ROK, DPRK discuss reunions
Updated: 2013-08-24 08:13
By Agence (China Daily)
Head of the working-level delegation of the Democratic People's Republic of Korea, Park Yong-il (center), is greeted by a Republic of Korea delegate as he crosses the border that separates the DPRK and the ROK at the truce village of Panmunjom in the demilitarized zone on Friday. The ROK and the DPRK began talks to arrange reunions of families separated by the 1950-53 Korean War, according to local media. Reuters
The Democratic People's Republic of Korea and the Republic of Korea held talks on Friday on resuming reunions for families separated for decades by the 1950-53 Korean War as they seek to build on a recent easing of cross-border tensions.
The reunion program was suspended after the DPRK's shelling of an ROK border island in November 2010, and its resumption after three years would mark a symbolic but important step.
The talks, between DPRK and ROK Red Cross officials, took place in the border village of Panmunjom, where the 1953 ceasefire ending hostilities was signed.
"The issue of separated families is one of the most urgent tasks," the head of the ROK Red Cross delegation told reporters on his way to the venue.
"I will do my best to relieve their pain," he was quoted as saying by the Yonhap news agency.
An official with the ROK Unification Ministry said the morning session focused on the date and venue of any initial reunion, as well as the number of family members who might be selected to take part.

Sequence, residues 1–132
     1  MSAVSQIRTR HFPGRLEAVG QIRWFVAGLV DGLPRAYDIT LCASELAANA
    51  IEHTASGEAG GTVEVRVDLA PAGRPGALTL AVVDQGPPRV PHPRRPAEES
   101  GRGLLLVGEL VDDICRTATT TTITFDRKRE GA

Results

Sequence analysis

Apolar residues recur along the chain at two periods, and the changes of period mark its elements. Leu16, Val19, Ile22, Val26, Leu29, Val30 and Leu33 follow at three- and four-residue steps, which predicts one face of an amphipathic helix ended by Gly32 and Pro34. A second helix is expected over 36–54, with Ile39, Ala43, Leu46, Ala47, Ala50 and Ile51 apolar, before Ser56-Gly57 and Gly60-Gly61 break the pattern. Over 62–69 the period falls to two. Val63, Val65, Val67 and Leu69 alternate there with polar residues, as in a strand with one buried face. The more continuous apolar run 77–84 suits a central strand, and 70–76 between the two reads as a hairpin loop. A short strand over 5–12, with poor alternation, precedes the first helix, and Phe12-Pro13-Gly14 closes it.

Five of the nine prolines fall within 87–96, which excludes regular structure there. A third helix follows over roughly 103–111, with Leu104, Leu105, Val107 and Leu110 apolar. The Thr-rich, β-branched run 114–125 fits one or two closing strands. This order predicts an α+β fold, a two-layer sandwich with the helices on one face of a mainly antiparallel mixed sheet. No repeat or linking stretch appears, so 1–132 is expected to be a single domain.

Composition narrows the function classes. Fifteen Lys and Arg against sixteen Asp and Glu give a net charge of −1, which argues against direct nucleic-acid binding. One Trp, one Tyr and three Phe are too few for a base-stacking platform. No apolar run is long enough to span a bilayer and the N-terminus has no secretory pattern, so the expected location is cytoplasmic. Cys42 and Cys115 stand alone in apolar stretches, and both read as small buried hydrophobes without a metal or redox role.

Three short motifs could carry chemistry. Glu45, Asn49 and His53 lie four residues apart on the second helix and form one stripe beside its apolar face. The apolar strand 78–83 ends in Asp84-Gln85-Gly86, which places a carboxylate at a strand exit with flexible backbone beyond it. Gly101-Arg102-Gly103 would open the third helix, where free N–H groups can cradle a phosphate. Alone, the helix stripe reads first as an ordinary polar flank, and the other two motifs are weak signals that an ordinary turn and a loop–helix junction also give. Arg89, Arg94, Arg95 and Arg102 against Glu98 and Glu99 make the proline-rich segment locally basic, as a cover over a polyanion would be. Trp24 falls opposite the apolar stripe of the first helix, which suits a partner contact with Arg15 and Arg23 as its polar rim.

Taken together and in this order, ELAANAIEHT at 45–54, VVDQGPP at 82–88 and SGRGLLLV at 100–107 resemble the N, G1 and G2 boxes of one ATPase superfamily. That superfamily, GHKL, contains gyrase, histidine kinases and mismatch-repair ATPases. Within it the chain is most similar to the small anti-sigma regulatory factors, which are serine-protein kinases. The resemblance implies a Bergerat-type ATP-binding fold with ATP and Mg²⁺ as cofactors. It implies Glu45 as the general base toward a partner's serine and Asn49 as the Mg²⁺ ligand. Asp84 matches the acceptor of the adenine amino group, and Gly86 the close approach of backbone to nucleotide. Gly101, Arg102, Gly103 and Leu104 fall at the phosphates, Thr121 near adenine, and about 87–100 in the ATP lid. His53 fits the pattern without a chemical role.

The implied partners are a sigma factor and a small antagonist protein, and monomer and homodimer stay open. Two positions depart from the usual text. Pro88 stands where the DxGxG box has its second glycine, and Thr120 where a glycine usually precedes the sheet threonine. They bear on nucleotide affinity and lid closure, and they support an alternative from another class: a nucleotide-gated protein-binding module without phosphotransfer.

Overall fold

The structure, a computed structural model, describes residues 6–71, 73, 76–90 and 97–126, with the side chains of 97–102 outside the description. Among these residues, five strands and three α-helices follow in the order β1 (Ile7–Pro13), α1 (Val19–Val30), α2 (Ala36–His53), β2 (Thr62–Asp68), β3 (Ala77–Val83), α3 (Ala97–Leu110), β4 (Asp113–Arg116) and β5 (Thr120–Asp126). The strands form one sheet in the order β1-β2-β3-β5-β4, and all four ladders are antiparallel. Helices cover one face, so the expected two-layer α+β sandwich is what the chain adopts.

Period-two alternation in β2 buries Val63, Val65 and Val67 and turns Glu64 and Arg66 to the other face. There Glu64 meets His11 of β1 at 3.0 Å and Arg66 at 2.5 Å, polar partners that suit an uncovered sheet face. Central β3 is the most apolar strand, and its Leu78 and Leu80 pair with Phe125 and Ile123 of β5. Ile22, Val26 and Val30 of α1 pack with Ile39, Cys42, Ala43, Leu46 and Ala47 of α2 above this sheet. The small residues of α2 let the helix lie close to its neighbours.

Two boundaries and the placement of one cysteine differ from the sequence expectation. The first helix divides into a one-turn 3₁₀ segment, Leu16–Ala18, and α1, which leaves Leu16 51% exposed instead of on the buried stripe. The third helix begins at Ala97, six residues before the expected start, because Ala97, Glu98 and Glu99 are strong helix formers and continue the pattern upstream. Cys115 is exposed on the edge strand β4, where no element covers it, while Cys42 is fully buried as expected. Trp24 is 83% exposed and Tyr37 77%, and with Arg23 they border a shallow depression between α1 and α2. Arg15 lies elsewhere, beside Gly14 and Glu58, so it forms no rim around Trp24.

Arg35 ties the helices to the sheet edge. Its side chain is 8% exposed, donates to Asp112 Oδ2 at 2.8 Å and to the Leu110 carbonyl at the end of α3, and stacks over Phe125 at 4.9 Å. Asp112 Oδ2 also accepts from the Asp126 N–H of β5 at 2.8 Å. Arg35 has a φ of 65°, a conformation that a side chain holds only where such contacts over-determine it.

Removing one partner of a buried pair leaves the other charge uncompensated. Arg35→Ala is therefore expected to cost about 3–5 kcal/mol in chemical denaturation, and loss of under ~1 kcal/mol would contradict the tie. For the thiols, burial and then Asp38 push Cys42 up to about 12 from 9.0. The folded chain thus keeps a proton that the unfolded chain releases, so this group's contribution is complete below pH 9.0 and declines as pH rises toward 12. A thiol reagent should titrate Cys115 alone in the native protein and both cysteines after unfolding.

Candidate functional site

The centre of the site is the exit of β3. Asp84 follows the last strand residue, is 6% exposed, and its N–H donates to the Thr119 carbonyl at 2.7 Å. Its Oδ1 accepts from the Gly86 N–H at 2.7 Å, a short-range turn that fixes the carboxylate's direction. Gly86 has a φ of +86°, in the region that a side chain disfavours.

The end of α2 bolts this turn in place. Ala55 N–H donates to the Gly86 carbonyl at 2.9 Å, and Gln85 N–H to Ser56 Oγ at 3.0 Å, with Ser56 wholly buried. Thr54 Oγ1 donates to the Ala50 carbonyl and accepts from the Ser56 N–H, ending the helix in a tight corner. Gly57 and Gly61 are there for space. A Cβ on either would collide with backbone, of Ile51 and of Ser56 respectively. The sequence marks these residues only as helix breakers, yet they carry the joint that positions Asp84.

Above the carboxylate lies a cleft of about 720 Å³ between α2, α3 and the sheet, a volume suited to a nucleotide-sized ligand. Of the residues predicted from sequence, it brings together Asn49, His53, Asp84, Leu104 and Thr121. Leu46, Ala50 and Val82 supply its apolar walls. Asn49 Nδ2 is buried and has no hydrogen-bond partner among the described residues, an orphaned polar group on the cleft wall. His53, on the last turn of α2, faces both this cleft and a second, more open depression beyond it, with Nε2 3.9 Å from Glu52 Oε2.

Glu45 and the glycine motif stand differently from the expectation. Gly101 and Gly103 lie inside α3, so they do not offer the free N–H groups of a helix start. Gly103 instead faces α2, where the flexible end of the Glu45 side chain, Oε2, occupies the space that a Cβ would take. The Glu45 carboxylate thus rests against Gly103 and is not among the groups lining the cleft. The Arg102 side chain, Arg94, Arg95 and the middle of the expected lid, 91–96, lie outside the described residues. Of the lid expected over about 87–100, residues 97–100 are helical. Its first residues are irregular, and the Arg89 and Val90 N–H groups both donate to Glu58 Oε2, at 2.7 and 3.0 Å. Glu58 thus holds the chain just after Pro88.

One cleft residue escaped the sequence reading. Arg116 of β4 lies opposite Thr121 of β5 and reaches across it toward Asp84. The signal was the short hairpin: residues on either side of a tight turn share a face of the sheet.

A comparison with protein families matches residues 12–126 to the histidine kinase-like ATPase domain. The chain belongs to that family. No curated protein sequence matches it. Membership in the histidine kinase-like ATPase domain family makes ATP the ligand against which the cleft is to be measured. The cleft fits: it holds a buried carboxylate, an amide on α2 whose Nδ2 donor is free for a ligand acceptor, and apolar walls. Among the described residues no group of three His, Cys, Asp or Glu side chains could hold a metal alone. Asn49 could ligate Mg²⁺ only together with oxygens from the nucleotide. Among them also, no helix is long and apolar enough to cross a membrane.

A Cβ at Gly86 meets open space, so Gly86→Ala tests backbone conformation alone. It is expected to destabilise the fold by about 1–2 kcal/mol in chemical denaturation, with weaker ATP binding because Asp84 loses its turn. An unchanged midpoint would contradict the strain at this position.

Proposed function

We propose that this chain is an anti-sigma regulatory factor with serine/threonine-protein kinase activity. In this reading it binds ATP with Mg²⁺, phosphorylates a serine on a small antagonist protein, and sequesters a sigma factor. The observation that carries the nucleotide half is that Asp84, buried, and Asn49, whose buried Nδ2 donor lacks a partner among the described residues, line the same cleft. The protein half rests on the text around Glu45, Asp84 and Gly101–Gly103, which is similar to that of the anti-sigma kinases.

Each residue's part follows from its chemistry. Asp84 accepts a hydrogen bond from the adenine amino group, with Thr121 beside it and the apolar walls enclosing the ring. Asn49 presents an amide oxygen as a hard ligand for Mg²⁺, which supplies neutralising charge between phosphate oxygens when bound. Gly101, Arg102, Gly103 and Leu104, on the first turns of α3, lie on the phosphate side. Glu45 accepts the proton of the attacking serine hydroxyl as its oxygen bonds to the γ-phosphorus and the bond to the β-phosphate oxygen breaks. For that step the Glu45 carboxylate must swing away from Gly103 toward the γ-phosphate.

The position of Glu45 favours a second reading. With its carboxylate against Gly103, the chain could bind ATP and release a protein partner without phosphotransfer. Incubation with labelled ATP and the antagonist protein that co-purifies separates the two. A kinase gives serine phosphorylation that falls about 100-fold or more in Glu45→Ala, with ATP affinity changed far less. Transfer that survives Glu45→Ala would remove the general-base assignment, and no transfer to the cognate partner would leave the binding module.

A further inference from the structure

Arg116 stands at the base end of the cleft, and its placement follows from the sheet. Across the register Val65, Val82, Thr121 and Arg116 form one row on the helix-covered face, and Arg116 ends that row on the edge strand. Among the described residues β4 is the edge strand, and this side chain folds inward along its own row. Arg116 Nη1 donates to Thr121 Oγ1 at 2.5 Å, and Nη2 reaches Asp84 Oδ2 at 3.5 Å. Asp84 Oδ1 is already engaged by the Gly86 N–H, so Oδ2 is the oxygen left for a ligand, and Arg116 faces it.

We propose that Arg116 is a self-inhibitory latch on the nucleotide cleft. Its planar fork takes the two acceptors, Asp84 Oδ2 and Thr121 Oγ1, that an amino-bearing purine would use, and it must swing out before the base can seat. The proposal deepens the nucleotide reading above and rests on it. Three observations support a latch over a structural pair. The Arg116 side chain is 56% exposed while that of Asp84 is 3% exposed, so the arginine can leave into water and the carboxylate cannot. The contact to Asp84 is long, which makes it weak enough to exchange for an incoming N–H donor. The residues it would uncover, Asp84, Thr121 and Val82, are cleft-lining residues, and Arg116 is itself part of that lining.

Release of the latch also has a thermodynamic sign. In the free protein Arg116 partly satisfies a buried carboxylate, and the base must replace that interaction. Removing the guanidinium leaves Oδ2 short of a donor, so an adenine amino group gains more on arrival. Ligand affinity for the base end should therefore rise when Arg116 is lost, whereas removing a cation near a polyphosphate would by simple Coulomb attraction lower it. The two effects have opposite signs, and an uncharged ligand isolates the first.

The talks were almost derailed by a debate over the venue, with the DPRK wanting the meeting to be held at its Mount Kumgang resort.
As well as the family reunions, Pyongyang is keen to restart ROK tours to Mount Kumgang, but Seoul insists that the two issues should not be linked.
The ROK suspended the tours in 2008 after a DPRK soldier shot dead a female tourist who strayed into a restricted zone.
The push to restart the reunions was initiated last week by ROK President Park Geun-hye, who urged the DPRK to "open its heart" and agree to kickstart the program in time for next month's Chuseok holiday - when Korean families traditionally gather together.
Millions of Koreans were left separated by the war. Most have died without having had a chance to meet family members last seen six decades ago.
About 72,000 ROK citizens - nearly half of them aged over 80 - are still alive and wait-listed for a chance to join the highly competitive family reunion events, which select only up to a few hundred participants each time.
At the reunions, citizens from both sides typically meet in the DPRK for two or three days before the ROK citizens - many in tears - head home again.
For those too infirm to travel, reunions via video conferencing have been arranged in recent years.
The reunion program began in 2000 following an historic inter-Korean summit. Sporadic events since then have seen around 17,000 people briefly reunited.
The last such meeting took place in late 2010, before the DPRK's shelling of Yeonpyeong island.
ROK-DPRK relations have showed signs of improving recently after months of heightened military tensions that followed the DPRK's nuclear test in February.
The two sides have already agreed to work on reopening their Kaesong joint industrial zone shut down in April, and the ROK has accepted the DPRK's proposal for talks on the Mount Kumgang tours - although not until late September.
The ROK has sought to play down expectations of a sudden turnaround in relations with the DPRK, saying the recent breakthroughs are just the start of what will be a long, incremental progress.
Park has also made it clear that any substantial dialogue on strategic issues can only take place if the DPRK offers a tangible commitment to abandon its nuclear weapons program.
The DPRK has said it will never allow its nuclear deterrent to be used as a bargaining chip.
France-Presse in Seoul